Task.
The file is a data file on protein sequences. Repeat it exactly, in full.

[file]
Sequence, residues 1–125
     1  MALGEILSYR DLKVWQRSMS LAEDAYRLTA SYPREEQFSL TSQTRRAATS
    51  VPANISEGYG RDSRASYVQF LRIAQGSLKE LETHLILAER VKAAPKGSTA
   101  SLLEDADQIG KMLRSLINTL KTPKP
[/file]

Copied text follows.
Sequence, residues 1–125
     1  MALGEILSYR DLKVWQRSMS LAEDAYRLTA SYPREEQFSL TSQTRRAATS
    51  VPANISEGYG RDSRASYVQF LRIAQGSLKE LETHLILAER VKAAPKGSTA
   101  SLLEDADQIG KMLRSLINTL KTPKP